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(PART ONE OF TWO)
The entertainment industry is changing. Everyone knows that. Even the thickest executive to the most stoned production assistant sees the writing on the wall. Usually when you hear the industry is changing, it’s meaningless execuspeak for wall street earnings reports or it’s an excuse for lowball contract negotiations with writers directors and actors. It’s usually nonsense. But not this time. This time things really are changing.
From the advent of motion pictures and television a handful, that’s right a HANDFUL of studios, networks and big entertainment companies controlled what you watched. Maybe less than 10 CEOS of Newscorp, Viacom, Disney, etc controlled what you saw. Not just on networks but on basic cable too. How did they do this? It’s really quite simple and genius. You can control what people watch by controlling only two things: Distribution and Money. Controlling those two things have allowed essentially old white men to keep a lock on the entertainment industry for years.
But what happened when basic cable came along? All those channels, all those choices. That should have spurred competition, right? Most of them were crap, and then the ones worth anything, what did the studios do instead of competing? They merged and bought. Now look at your cable landscape. Almost every channel is owned by someone else. FX (FOX) SCI FI Channel (UNIVERSAL) Comedy Central, Nick, (VIACOM) and anything with Disney and ABC in the title is all one company. CBS owns Showtime and they have a system developed where they can make feature films at zero risk as they already know they’ll play on Showtime and CBS. From the March Hollywood Reporter Article:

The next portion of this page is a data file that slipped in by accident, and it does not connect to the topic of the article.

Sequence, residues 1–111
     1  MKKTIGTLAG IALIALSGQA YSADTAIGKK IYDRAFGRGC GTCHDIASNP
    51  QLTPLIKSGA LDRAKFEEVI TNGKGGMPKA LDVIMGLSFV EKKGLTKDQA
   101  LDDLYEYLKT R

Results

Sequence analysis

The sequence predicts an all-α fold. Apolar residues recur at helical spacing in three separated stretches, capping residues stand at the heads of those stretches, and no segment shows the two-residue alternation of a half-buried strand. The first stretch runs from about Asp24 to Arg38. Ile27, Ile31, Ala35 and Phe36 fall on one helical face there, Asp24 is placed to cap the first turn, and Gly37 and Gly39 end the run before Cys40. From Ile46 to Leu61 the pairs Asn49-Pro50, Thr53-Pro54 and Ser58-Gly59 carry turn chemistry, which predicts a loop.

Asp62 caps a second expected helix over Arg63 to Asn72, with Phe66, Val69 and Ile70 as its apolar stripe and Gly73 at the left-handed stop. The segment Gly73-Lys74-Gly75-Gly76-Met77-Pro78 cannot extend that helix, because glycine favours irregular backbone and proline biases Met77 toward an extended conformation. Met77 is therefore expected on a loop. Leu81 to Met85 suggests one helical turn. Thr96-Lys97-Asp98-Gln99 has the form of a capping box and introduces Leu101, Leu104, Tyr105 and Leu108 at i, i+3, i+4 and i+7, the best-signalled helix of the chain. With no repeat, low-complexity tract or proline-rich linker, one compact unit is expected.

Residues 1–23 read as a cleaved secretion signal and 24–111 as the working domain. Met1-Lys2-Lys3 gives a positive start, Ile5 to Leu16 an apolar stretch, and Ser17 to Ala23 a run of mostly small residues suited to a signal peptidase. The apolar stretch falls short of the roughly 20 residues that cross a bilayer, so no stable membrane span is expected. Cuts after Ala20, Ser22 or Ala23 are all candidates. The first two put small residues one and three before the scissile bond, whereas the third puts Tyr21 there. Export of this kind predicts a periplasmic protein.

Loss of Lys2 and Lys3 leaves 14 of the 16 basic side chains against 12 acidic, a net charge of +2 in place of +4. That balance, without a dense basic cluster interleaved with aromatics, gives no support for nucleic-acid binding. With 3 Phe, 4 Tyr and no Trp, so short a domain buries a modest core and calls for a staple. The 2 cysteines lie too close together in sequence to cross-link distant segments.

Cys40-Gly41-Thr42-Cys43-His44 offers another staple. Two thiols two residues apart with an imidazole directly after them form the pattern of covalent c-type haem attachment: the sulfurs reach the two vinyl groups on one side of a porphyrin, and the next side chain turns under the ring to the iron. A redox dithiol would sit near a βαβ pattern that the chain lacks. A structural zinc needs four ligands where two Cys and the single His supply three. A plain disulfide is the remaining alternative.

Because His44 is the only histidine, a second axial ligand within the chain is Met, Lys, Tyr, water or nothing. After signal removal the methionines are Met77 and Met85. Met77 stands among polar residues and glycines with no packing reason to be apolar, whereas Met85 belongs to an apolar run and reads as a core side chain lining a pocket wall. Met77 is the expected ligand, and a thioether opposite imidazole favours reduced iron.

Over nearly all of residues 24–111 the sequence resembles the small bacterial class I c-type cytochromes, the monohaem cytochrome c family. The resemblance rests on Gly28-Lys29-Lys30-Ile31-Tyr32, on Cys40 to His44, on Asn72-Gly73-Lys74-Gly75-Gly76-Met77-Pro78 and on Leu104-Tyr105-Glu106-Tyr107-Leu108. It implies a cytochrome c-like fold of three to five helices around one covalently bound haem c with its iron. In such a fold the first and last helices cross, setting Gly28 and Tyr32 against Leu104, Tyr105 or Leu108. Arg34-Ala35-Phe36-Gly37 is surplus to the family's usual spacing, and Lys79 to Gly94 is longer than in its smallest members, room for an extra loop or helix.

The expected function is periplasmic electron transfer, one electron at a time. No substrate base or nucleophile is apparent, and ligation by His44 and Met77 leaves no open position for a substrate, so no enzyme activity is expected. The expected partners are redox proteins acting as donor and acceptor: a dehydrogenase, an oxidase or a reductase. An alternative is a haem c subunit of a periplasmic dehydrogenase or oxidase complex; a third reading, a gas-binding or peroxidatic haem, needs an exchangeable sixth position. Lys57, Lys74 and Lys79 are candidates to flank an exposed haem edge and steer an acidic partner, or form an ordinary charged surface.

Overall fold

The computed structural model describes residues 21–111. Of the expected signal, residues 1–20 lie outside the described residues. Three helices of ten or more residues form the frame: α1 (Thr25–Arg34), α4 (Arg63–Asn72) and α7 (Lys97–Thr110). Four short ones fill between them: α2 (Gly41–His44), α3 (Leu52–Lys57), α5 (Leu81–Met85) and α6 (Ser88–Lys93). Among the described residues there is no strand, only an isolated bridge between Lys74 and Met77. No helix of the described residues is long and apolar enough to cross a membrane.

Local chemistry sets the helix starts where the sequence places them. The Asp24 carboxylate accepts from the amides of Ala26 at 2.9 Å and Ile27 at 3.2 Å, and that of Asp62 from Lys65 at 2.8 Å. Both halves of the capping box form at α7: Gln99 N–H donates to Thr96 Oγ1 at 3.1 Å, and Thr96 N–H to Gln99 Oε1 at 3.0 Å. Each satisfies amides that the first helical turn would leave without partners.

“Moonves has signaled CBS could produce four to six films a year in the $10 million-$50 million budget range, allowing Showtime to partly make up for some lost film product on canceled output deals while also giving it a chance to participate in the upside. CBS executives have said the company could make up its film costs thanks to other rights, such as TV and international, before the box office run of movies even starts. And after several years, CBS would have a library it can further leverage in the digital age, they have argued.”
And yet, even with all of this spending and pedantic hands-on micro management from start to finish, the studios and networks know they are losing control. Why? Because of the reason you tech savvy reader already knew about. The internet.
Studios have always competed with each